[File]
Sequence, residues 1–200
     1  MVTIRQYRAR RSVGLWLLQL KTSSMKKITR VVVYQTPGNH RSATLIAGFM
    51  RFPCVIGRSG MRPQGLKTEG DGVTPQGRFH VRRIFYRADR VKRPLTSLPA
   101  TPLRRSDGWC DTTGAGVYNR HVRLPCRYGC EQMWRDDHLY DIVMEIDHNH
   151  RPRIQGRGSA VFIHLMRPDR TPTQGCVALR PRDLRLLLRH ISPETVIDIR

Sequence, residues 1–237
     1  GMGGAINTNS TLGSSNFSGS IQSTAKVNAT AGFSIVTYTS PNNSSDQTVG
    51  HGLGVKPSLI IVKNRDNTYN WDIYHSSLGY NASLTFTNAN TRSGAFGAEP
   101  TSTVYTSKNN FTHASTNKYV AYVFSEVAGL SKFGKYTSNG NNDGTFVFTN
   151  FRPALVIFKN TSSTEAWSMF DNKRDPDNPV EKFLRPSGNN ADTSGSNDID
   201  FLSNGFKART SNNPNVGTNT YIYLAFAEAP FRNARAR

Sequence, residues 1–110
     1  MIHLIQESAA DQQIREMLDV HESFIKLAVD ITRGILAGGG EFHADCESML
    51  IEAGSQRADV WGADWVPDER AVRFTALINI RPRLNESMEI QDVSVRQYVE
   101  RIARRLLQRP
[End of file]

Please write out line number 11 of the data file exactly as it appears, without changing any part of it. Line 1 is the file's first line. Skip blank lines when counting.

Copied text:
   201  FLSNGFKART SNNPNVGTNT YIYLAFAEAP FRNARAR